This time of year, we’re bombarded with advertising for weight loss programs and exercise systems. Many of them work, at least in the short term. Any that are advertised are of course going to cost money, or they couldn’t afford to advertise them.
So what’s a frugal person to do? There are many small things to do that don’t cost a lot. Engaging the “satiety reflex” is one. Researchers believe that it takes about fifteen minutes for the stomach’s message of “enough” to get through to the brain. If we wolf our meals down in less than that time, we may consume far more food and calories than our bodies actually want.
So, eat more slowly, but how to do that, if you’ve a lifetime of fast eating to overcome? One strategy is to set your fork down on the plate in between bites and completely chew and swallow the current bite before picking up the fork again. Another is to set a timer for twenty minutes and pace yourself so you would still have food left when it goes off. For this to be any help, you have to tune in to the satiety message, and stop eating when your body says it’s had enough, regardless of where the timer has gotten to.
Any attempt to eat less has to cope with the “clean your plate” message that seems to pervade our culture. Wasting food, terrible! Thing is, it’s just as much a waste to add excess food to one’s waist as it is to add it to the trash can or compost pile. Either way, it’s not being used to build new cells and create good health. Prepare less, dish up less, or overcome the reluctance to throw away excess food.
One effective strategy is to eat before eating. Fifteen minutes before a meal, eat a piece of fruit or take a fiber pill. By the time the meal comes along, the body is already partly satisfied, and if given a chance will accept a smaller meal as “enough.”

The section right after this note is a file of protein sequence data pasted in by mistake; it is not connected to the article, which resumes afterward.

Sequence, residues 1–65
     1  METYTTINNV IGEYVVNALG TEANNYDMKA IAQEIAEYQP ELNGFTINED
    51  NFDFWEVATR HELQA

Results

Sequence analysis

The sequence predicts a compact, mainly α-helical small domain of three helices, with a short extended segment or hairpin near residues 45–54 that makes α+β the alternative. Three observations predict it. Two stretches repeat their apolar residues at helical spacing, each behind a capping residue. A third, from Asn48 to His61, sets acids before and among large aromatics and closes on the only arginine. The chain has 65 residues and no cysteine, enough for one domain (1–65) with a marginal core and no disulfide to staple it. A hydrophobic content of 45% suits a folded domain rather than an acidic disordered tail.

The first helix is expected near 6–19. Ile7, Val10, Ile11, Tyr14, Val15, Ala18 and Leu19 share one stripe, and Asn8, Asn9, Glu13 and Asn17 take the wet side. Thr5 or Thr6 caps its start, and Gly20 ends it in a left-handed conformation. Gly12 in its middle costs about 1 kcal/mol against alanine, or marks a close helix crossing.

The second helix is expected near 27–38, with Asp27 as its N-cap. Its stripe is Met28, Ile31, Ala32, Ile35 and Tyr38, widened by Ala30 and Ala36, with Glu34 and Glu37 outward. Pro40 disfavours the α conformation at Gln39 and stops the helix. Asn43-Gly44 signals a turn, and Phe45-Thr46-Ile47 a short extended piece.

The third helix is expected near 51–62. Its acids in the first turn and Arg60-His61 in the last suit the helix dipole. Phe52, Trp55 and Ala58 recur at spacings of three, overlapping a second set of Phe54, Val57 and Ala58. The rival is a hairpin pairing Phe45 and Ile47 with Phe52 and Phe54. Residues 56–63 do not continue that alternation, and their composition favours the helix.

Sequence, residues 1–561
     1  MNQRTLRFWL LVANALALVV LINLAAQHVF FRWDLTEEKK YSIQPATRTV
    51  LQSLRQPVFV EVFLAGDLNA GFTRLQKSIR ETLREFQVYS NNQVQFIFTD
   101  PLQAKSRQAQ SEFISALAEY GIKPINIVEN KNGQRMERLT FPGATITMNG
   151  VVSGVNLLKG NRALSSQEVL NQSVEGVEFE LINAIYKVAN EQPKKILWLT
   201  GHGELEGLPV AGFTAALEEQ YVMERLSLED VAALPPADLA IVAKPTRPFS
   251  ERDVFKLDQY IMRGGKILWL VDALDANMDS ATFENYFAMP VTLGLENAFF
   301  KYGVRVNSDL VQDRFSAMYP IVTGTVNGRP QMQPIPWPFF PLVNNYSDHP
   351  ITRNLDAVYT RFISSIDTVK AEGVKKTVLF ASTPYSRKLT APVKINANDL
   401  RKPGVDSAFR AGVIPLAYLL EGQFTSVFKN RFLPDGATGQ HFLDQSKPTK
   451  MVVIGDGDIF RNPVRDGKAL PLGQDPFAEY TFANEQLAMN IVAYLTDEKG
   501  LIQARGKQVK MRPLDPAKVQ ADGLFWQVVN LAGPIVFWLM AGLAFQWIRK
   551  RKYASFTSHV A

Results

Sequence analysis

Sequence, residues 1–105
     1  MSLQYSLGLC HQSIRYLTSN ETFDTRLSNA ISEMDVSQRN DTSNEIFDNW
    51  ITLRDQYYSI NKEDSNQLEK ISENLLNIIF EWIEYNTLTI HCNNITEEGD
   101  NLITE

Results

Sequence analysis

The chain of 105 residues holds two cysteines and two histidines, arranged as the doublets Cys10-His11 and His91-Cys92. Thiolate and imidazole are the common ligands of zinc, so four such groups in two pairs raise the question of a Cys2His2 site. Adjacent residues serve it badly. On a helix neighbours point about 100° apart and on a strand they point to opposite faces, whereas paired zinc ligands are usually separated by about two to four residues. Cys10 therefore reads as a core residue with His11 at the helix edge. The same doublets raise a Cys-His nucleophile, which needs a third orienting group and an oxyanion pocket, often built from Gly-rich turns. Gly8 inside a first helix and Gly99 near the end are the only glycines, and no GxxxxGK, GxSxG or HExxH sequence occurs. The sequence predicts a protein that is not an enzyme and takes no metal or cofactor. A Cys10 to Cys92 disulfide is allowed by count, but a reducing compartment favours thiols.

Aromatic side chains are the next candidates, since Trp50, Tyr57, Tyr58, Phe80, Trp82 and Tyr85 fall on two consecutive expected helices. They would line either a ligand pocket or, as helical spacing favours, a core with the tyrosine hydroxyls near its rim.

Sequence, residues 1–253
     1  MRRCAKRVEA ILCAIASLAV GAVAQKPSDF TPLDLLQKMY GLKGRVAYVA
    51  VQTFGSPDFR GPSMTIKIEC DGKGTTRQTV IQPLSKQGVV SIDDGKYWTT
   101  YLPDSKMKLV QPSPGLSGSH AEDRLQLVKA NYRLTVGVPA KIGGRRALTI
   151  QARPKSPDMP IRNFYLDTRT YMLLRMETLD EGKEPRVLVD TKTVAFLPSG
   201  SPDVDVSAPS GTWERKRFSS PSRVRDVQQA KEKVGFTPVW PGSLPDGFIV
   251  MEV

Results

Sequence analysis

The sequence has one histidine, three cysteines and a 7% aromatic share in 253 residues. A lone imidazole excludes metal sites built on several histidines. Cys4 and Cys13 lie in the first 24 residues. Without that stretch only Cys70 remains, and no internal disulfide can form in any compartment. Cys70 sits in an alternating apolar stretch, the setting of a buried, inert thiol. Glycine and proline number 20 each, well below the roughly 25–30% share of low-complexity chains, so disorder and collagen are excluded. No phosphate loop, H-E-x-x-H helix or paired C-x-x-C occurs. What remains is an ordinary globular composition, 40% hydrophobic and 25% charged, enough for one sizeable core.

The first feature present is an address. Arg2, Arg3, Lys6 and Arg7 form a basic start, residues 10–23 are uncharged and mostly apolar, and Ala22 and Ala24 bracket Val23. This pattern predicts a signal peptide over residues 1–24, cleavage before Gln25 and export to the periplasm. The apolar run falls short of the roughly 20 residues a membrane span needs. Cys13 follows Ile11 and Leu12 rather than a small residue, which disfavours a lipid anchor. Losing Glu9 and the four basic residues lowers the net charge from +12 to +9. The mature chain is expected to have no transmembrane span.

Making at least half of your plate vegetables can be very helpful also. In addition to volume and fiber, they give the body the nutrients it needs, so it isn’t prompting you to eat more, trying to get the vitamins and minerals the last meal failed to provide.
The challenge in any attempt to change long term habits is to remember to keep on doing the new behavior. Oftentimes, we try a new behavior and it’s great, and a few months later we look back and realize we somehow slipped back into the old behaviors. If your email service has the option to schedule emails in the future, you could email yourself a reminder every month or two for the foreseeable future. Www.memotome.com offers the opportunity to send yourself recurring emails. If you journal, you could write the reminder in every few pages, or in Word, put it in the header or footer. A sticky note on the bathroom mirror is effective until it’s been there so long you no longer really see it.
Exercise is also helpful for weight loss, and for health in general. If you live where it’s realistic to walk outside, add daily walks to your schedule. If you have a neighbor who also wants to walk, it’s more likely to happen. If someone’s expecting you, it’s harder to give in to excuses for staying home.
It’s kind of a running joke about all the exercise machines that are just expensive clothes racks. Gyms are full in January and half empty again by March. One alternative is to take the six or eight week classes that most public schools offer for adults. Since you have to be there at a certain time on a certain day, it’s more likely to happen than if you can go “any time.” Any time soon becomes tomorrow, tomorrow, tomorrow. Once you lose interest in one type of class, you can always switch to another one.
Another way to beat boredom is to pick up a different exercise machine on Craigslist or Freecycle every so often. That way you always have that newness feeling to keep you interested. You could also Freecycle or sell your old one. YouTube offers many exercise videos. The public library has them too.
If a gym membership is more your style, the YMCA usually has low prices and sometimes offers scholarships. Shopping around will pay off because gym membership prices vary a lot.